The U.S. Food and Drug Administration today approved Technivie (ombitasvir, paritaprevir and ritonavir) for use in combination with ribavirin for the treatment of hepatitis C virus (HCV) genotype 4 infections in patients without scarring and poor liver function (cirrhosis).
Technivie in combination with ribavirin is the first drug that has demonstrated safety and efficacy to treat genotype 4 HCV infections without the need for co-administration of interferon, an FDA-approved drug also used to treat HCV infection.
“Today’s approval provides the first treatment option for patients with genotype 4 HCV infections without requiring use of interferon,” said Edward Cox, M.D., director of the Office of Antimicrobial Products in the FDA’s Center for Drug Evaluation and Research.
Hepatitis C is a viral disease that causes inflammation of the liver that can lead to diminished liver function or liver failure. Most people infected with HCV have no symptoms of the disease until liver damage becomes apparent, which may take several years. Some people with chronic HCV infection develop cirrhosis over many years, which can lead to complications such as bleeding, jaundice (yellowish eyes or skin), fluid accumulation in the abdomen, infections or liver cancer. According to the Centers for Disease Control and Prevention, approximately 2.7 million Americans are infected with HCV, of which genotype 4 is one of the least common.
The safety and efficacy of Technivie with ribavirin were evaluated in a clinical trial of 135 participants with chronic HCV genotype 4 infections without cirrhosis. Ninety-one participants received Technivie with ribavirin once daily for 12 weeks. Forty-four participants received Technivie once daily without ribavirin for 12 weeks. The studies were designed to measure whether a participant’s hepatitis C virus was no longer detected in the blood 12 weeks after finishing treatment (sustained virologic response), suggesting a participant’s infection had been cured.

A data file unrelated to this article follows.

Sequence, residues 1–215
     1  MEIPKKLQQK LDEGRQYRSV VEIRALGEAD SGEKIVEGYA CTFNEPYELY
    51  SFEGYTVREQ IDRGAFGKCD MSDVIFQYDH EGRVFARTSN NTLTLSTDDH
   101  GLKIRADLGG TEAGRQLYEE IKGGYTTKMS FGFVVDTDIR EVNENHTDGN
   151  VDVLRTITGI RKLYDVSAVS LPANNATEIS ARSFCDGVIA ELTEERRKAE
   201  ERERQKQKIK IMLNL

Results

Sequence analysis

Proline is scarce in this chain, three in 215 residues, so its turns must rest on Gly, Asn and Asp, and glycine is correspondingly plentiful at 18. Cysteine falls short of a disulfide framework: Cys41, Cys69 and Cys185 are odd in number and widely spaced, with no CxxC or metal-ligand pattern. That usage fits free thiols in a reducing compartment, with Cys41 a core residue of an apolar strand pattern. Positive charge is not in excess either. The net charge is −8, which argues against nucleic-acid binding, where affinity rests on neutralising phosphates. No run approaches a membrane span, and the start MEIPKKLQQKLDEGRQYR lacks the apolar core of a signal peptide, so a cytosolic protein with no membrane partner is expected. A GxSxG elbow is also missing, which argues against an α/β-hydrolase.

Results showed that 100 percent of the participants who received Technivie with ribavirin achieved a sustained virologic response. Of those who received Technivie without ribavirin, 91 percent achieved sustained virologic response.
Safety information was available for 316 participants with HCV treated with the recommended dose of Technivie in combination with other anti-HCV drugs in clinical trials. The three drugs included in Technivie are also included in Viekira Pak, previously approved for the treatment of HCV genotype 1 infection. Additional safety information for those drugs was available from the Viekira Pak trials. The most common side effects of Technivie with ribavirin were fatigue, weakness (asthenia), nausea, insomnia, itching (pruritus) and other skin reactions.
Technivie carries a warning alerting patients and health care providers that elevations of liver enzymes to greater than five times the upper limit of normal occurred in approximately 1 percent of clinical trial participants. The elevations occurred more frequently in females taking contraceptives containing ethinyl estradiol. Contraceptives containing ethinyl estradiol must be discontinued prior to starting Technivie. Hepatic laboratory testing should be performed during the first four weeks of starting treatment, and as clinically indicated thereafter.
Technivie and Viekira Pak are marketed by AbbVie Inc. based in North Chicago, Illinois.
The FDA, an agency within the U.S. Department of Health and Human Services, protects the public health by assuring the safety, effectiveness, and security of human and veterinary drugs, vaccines and other biological products for human use, and medical devices. The agency also is responsible for the safety and security of our nation’s food supply, cosmetics, dietary supplements, products that give off electronic radiation, and for regulating tobacco products.